The Indian boy led John out of the bushes and into the woods, while the Pilgrim boy went to find the cow. There, by a stream, the Indian boy found a grove of alders. He broke a small branch from a young tree and stripped the bark with his teeth. He chewed, and chewed, and chewed. Next he took the paste, moist with saliva, and applied it to John's hand, his chin, his knee. It felt warm. It eased John's pain. The Indian boy's fingers were muddy. There. You'll learn to take care of yourself instead of crying, said the Indian boy. He smiled. He gave John some alder bark. You try. The gummy substance on his skin had begun to dry.
"Oh, Mr. Lindstrom, what a muddy mess you've made of yourself. And you've cut your knee," said the day nurse, the big one, the pleasant one. "You shouldn't be wandering outside alone. We don't allow that. It's not safe."
He was in the parking lot. The nurse brought him back inside to his room, cleaned him, wrapped his knee in a gauzy bandage fastened with white tape.
"I don't need a bandage. I know how to make Indian bandages from trees."
"Mr. L.," she shook her head, "you're a very sweet man, aren't you?"
After that, he became more and more dependent on the wheel chair. Now, he missed the walker. Now they insisted he ride a wheelchair. The trouble was, you got used to riding, you forgot how to walk. "Why don't you let me walk?" he asked the nurse. Doesn't anyone understand?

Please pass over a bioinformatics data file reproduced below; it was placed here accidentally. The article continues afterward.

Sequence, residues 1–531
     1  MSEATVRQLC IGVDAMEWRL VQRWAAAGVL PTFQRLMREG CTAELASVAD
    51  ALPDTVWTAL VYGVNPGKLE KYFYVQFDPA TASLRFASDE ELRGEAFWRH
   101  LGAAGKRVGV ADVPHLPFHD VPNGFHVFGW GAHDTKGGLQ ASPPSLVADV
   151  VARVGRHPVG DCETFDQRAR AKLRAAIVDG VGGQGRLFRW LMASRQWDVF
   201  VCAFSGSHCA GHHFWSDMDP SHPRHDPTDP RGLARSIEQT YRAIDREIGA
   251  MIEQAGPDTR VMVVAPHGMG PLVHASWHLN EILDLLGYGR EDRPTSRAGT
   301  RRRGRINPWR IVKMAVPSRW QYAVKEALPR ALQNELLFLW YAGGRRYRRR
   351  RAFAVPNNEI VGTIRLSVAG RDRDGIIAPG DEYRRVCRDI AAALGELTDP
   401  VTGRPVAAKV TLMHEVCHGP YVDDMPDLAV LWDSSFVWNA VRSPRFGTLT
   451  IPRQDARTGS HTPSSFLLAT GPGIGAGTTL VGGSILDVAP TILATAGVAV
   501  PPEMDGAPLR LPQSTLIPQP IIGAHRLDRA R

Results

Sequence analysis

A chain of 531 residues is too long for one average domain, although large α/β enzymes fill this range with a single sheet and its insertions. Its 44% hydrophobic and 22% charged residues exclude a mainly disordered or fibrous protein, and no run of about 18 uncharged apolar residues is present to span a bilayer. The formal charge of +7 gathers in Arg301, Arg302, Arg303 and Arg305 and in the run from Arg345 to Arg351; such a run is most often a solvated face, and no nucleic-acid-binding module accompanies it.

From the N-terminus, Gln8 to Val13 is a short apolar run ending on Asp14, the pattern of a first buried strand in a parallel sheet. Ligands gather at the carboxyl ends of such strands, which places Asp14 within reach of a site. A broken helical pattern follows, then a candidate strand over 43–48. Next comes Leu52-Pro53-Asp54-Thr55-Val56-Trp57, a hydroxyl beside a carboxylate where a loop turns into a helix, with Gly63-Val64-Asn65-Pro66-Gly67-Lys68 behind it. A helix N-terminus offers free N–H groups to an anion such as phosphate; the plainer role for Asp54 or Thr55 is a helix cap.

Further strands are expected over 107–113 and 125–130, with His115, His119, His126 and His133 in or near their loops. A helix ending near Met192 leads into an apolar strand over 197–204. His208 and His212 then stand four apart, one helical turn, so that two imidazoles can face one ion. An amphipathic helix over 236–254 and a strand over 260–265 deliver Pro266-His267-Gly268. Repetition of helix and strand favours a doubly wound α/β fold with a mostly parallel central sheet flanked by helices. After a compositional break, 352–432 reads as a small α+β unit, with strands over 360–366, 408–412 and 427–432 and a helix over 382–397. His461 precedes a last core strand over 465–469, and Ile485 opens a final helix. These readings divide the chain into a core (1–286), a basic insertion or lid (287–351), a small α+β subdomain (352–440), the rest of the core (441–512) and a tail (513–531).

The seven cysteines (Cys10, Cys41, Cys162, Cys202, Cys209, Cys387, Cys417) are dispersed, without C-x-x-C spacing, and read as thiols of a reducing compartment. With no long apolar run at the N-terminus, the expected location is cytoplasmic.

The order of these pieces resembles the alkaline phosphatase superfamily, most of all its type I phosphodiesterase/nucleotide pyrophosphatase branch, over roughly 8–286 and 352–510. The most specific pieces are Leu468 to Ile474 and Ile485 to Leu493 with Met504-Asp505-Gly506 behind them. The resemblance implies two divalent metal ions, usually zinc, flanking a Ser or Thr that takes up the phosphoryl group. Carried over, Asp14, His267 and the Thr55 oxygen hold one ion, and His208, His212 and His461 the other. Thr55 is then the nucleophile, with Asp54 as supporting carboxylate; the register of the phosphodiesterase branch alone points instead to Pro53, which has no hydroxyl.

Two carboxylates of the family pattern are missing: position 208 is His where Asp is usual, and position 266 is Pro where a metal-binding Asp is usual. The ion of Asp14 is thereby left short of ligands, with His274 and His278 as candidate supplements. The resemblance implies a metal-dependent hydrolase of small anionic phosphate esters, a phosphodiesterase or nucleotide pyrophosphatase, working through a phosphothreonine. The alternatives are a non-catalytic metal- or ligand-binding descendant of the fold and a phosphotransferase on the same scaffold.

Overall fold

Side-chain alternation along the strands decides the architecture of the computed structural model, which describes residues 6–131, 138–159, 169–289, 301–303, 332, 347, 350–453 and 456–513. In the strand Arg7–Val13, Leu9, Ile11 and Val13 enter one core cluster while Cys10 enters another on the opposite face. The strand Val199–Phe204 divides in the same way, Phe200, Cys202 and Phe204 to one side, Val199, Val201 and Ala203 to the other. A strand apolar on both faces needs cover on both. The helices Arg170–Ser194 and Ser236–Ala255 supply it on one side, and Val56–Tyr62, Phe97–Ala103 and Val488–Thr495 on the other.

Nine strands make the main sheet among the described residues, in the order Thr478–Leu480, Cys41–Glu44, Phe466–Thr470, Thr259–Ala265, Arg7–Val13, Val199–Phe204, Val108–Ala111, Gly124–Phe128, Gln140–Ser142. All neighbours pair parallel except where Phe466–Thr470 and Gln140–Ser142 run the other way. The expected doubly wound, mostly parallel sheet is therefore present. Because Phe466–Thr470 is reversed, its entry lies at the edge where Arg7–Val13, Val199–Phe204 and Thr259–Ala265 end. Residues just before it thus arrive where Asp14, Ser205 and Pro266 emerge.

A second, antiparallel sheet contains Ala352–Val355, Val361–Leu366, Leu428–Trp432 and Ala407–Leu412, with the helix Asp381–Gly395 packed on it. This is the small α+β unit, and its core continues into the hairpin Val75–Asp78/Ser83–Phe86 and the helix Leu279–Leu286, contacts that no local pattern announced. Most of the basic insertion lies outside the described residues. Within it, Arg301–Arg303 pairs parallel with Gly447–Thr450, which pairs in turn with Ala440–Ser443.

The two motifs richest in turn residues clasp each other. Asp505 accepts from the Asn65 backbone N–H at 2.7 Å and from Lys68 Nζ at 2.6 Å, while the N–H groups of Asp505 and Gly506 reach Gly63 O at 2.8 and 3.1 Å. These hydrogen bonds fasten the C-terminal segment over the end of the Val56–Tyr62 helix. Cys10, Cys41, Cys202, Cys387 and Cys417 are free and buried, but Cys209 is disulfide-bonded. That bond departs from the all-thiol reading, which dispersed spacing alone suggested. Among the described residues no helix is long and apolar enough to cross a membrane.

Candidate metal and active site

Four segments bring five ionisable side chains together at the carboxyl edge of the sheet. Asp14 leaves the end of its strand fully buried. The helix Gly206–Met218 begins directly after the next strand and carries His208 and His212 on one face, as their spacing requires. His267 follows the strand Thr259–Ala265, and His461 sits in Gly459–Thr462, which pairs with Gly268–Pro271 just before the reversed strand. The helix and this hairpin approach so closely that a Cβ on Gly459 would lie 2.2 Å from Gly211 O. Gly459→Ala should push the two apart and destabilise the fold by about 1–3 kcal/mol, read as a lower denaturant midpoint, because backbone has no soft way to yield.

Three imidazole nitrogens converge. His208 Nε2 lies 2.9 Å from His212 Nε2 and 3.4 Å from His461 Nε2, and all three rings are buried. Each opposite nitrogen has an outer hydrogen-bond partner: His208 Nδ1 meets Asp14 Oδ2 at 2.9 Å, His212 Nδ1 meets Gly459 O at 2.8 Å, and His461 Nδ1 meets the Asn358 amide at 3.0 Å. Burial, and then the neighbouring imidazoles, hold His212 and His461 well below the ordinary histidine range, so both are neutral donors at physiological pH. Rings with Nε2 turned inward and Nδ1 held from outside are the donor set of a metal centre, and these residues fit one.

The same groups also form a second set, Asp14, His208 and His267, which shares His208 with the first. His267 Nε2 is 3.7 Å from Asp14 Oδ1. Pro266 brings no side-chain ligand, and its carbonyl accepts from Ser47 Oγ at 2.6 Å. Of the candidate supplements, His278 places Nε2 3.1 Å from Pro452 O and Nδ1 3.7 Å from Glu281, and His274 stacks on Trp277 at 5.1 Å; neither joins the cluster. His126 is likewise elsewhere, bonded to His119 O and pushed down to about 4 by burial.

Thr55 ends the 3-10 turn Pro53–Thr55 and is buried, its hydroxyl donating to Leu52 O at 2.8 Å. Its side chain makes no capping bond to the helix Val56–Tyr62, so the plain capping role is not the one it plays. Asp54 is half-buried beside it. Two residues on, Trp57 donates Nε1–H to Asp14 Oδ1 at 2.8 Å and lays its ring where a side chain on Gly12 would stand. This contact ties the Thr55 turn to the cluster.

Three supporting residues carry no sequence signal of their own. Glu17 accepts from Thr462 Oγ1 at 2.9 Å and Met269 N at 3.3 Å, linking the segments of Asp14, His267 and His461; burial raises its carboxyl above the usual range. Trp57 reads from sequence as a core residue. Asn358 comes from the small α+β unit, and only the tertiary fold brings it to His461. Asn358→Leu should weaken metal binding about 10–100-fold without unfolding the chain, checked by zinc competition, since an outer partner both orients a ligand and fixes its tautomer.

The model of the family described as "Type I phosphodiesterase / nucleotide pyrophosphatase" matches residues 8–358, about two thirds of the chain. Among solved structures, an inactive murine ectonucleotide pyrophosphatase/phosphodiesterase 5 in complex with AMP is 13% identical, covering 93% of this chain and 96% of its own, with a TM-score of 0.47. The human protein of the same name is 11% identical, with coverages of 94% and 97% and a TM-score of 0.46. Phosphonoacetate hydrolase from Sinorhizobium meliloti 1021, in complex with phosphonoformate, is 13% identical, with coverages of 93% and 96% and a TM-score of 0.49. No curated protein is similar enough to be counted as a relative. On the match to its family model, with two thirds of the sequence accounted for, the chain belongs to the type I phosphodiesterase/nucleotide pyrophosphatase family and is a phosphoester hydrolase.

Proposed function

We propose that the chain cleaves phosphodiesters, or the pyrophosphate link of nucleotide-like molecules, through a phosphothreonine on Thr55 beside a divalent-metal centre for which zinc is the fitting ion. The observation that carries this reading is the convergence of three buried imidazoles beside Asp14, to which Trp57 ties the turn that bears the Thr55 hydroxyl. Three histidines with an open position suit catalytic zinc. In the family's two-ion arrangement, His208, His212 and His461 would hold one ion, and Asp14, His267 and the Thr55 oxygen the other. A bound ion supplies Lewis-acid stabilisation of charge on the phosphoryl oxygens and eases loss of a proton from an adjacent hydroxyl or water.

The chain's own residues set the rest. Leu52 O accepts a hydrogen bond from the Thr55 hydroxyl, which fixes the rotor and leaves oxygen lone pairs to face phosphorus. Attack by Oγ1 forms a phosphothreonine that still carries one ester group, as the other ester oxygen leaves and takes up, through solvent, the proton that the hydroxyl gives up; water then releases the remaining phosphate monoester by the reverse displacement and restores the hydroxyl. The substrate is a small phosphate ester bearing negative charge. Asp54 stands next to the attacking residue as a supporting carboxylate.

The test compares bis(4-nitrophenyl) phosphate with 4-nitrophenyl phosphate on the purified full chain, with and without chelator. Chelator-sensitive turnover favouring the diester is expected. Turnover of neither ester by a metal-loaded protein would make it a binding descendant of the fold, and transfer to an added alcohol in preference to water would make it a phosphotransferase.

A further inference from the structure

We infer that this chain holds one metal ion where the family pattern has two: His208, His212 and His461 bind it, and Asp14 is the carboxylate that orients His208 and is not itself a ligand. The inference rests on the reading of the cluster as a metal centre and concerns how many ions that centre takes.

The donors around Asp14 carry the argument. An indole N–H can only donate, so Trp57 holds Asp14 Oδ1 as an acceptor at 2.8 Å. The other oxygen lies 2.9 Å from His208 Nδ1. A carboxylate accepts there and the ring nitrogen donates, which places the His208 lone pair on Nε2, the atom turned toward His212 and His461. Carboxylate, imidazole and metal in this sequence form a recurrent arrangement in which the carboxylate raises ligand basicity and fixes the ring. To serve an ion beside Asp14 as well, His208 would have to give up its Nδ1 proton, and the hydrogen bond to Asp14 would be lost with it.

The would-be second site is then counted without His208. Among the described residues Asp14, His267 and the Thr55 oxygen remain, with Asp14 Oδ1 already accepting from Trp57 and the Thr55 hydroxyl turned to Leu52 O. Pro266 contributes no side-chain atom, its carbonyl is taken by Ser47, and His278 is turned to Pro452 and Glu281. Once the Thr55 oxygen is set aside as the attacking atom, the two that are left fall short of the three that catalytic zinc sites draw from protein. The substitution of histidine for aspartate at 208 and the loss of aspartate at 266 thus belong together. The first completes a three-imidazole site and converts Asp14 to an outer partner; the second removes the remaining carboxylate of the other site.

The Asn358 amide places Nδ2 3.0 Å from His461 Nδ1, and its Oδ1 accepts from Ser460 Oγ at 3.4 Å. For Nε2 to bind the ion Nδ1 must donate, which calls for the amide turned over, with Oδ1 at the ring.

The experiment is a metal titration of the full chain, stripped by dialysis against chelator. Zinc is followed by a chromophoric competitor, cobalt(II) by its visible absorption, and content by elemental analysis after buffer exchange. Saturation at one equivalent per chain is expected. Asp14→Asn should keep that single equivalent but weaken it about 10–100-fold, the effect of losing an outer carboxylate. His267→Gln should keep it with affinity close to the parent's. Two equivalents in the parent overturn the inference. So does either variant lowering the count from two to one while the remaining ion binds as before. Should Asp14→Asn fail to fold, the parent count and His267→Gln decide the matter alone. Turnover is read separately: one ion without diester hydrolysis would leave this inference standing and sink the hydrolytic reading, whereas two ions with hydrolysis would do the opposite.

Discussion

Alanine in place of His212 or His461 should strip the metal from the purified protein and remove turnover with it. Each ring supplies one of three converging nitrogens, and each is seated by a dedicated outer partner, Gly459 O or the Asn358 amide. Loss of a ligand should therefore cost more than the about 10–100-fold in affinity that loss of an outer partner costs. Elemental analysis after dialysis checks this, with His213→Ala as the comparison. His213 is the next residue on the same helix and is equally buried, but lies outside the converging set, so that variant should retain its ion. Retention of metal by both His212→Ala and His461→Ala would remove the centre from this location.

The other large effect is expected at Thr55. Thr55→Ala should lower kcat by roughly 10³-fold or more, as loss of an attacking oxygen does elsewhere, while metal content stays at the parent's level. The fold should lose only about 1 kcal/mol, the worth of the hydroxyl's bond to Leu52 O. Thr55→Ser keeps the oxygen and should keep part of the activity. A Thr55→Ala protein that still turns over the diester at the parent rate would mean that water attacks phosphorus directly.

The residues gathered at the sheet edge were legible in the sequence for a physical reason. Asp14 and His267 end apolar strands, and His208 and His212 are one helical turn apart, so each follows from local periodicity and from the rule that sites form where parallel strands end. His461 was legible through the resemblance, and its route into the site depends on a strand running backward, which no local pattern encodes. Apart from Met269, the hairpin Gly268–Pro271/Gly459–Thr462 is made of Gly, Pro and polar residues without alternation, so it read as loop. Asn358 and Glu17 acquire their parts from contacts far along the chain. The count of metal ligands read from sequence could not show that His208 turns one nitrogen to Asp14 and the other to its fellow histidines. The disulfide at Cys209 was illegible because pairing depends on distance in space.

Once he heard his son tell the social worker, I don't want him restrained.
"How are they treating you, Dad?" his son asked when they were alone. John didn't tell him about the night nurse, the thin one, with rough hands.
"The Pilgrims are very nice people," he said. "I'd like you to meet them."
"Dad, it's just a parking lot."
"Are you certain? Won't you go out and check? Look carefully."
"I'll check on the way out."
"Call me when you get home."
"I will, Dad."
One night late he heard the bears roaring. In late summer, the bears were rutting, and it made them mean. John's mind was filled with fear. He got up from bed and went over to the window. There was a full, yellow moon over the meadow. A harvest moon, John thought, as he saw an enormous herd of bears gathering in the meadow below the Pilgrims' house - thirty or forty prowling bears. John worried about the Pilgrim family. He wanted to warn them, help them, cry out, but he was paralyzed with fear. He felt rough hands on his shoulder pull him backward, a claw-like hand over his month. He could hardly breathe. He wanted to hit and to kick, but the rough hands kept pushing against his chest.